Last year, Mexican film producer and NYFA BFA alum Mariana Méndez Alejandre joined the Oscar and Annie-nominated short film Bestia as co-producer alongside Tevo Diaz from Trebol3, a Chilean production company.
Mariana is a seasoned producer and has supported Academy Award campaigns for films like Promising Young Woman, Harriet, Blackkklansman and Belfast with Focus Features as well as the campaigns for Oscar-winning shorts Skin (2019) and The Neighbor’s Window (2020). Of her partnership with Tevo Diaz and director Hugo Covarrubias’ latest work Mariana said, “I’m thrilled and honored to join the talented team of the animated short film Bestia. Hugo Covarrubias’ artistry is unparalleled and I couldn’t be more excited to support a film that invites the audience to consider not just the banality of evil, but the way it moves through our world, often looking just like the rest of us.”
The Oscar-nominated short film, Bestia, is described by Covarrubias as a “psychological portrait that reveals a macabre fracture in a country.” Bestia centers on the secret, private life of Ingrid Olderöck, a DINA (Directorate of National Intelligence) agent of the Chilean dictatorship known for committing grave crimes against humanity, carrying out hits and using her dogs to torture people, mainly woman. The dictatorship, established by a US-backed coup d’etat, was enforced by the Chilean military and led by General Augusto Pinochet. The dictatorship lasted 17 years, from 1973 -1990 and was the backdrop of director Hugo Covarrubias’ childhood and adolescence. The film is the first installment in what might be a series of shorts that dive into the less known, darker figures of Chilean history.
With Bestia, Covarrubias and his team shed light on the hardly-embarked topic of the role of women in la dictadura. Covarrubias spoke with Solomonos about the film and his intentions, “[Bestia] is not a biography about Ingrid Olderöck but a visit into her secret life, the relationship with her dog, her fears and frustrations. That is, in the end, the x-ray of a fractured country, a country that is filled with wounds that are not even close to healing. More than anything, we use this case as a tool to speak of malice, evil.” However, he clarifies, “obviously without empathizing with the person but trying to understand what kind of frustrations can live inside such a bad person and whether or not this malice is inherited.” Olderöck was the daughter of German Nazi-sympathizers who emigrated to Chile at the end of World War II.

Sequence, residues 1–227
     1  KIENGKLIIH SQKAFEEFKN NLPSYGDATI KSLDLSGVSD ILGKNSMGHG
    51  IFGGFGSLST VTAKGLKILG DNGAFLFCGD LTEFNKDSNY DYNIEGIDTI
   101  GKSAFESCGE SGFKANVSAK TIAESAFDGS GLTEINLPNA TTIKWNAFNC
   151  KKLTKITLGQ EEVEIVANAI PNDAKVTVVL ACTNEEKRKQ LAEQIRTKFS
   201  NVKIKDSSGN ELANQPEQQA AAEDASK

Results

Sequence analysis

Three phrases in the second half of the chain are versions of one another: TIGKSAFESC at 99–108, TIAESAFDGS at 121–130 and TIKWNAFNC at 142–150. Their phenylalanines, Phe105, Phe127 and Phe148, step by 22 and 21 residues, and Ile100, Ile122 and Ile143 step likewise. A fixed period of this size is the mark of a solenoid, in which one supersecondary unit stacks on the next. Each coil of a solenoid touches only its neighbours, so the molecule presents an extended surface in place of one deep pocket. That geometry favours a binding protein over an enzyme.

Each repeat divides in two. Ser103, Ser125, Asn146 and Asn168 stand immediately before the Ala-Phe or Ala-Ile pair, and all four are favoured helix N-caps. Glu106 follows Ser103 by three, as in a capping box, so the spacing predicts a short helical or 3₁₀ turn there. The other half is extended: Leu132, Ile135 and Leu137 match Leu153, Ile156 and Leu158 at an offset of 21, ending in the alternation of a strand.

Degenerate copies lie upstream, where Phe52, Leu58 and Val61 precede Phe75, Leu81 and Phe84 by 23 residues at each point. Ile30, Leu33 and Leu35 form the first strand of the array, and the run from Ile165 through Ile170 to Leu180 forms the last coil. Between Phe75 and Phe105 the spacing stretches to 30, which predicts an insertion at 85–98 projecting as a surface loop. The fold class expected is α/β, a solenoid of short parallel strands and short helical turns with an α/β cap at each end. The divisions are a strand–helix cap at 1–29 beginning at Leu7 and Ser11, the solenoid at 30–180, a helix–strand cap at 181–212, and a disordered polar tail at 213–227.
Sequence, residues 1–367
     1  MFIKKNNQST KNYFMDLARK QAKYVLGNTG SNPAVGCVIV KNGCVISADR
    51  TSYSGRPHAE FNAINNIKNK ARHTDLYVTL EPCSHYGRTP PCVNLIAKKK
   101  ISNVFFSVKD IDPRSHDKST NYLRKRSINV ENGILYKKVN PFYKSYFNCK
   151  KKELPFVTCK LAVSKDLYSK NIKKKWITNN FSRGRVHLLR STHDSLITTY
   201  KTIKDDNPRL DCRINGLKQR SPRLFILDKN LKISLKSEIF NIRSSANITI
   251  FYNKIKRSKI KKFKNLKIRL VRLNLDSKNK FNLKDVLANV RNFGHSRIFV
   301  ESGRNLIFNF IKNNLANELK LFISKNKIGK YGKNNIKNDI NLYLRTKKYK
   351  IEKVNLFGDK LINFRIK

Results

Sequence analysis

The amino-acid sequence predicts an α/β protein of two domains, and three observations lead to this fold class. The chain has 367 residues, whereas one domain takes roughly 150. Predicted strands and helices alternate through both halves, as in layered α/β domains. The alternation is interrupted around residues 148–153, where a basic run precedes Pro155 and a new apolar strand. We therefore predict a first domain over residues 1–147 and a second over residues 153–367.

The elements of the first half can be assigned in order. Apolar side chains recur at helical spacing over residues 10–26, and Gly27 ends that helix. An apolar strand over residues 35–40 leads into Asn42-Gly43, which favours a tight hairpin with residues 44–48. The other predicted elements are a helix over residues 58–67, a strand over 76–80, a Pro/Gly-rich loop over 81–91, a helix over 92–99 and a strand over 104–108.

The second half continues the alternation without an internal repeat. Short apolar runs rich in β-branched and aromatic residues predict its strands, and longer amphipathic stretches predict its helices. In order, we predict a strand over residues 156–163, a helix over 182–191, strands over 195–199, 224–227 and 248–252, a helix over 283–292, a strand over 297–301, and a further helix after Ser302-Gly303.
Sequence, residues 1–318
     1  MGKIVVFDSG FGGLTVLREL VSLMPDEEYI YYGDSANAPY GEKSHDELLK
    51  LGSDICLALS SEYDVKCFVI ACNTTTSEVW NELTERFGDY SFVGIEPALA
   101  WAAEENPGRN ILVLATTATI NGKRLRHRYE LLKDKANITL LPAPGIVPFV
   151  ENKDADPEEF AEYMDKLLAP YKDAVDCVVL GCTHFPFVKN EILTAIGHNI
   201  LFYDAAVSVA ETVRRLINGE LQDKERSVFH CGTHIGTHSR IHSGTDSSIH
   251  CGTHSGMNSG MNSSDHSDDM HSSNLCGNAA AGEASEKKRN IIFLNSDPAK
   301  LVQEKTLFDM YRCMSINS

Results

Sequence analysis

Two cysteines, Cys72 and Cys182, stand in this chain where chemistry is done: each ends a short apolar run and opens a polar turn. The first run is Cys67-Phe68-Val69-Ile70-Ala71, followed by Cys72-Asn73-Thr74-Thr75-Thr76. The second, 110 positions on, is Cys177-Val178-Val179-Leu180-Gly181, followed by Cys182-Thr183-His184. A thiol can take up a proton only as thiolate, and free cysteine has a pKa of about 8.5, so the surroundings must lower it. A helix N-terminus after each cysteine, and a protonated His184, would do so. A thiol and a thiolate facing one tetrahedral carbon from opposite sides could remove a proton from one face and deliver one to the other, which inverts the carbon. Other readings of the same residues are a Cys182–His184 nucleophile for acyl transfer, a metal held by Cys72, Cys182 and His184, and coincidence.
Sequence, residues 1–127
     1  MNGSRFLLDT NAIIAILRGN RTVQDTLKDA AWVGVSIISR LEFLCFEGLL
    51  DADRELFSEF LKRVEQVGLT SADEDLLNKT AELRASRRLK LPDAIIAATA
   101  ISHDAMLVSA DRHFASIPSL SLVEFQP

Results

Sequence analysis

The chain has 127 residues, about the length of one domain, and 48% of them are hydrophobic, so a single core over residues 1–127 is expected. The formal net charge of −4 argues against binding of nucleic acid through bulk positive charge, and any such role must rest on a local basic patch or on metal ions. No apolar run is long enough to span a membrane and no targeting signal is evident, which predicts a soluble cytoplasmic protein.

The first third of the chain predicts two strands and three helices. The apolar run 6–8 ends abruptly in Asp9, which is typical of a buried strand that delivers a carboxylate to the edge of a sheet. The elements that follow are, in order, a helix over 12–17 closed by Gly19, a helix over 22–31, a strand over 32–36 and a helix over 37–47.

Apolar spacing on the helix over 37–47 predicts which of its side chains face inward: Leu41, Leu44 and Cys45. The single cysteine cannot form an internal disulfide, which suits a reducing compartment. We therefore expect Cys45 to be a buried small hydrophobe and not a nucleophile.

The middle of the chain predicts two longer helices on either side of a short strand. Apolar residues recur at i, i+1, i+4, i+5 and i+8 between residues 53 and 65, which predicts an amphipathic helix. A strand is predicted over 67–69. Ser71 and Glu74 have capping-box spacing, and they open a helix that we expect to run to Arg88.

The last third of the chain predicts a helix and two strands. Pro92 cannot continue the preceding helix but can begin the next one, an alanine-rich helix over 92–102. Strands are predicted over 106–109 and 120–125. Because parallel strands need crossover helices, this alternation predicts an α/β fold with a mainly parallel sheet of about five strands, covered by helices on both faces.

The film’s theme and examination is so captivating and nuanced that it received an Annecy nomination from an incomplete, work-in-progress submission. At the time of the submission, Bestia had not been through post-production, there were visible green screens and no digital or analog completion, just reference music. “I feel like it adds an extra merit to have the film be selected in this way. It means that the film works without needing to be 100% completed.”
NYFA Director of Film Festivals, Crickett Rumley says “I’m so excited to see our NYFA alum connected with such a terrific film. Bestia has had an impressive festival run and been very well-received. Fingers crossed, the team will bring home the Oscar win in March.”
Director Hugo Covarrubias and producer Tevo Diaz will be joining NYFA’s Regional Director for Latin America and the Caribbean, Gil Matos in a virtual Q&A this Thursday, March 10th to talk in detail about the film and the process of creating an award-winning stop motion animated short film. This event is open to the public and will be conducted entirely in Spanish. You can register for the Q&A here.
Please note: NYFA does not represent that these are typical or guaranteed career outcomes. The success of our graduates in any chosen professional pathway depends on multiple factors, and the achievements of NYFA alumni are the result of their hard work, perseverance, talent and circumstances.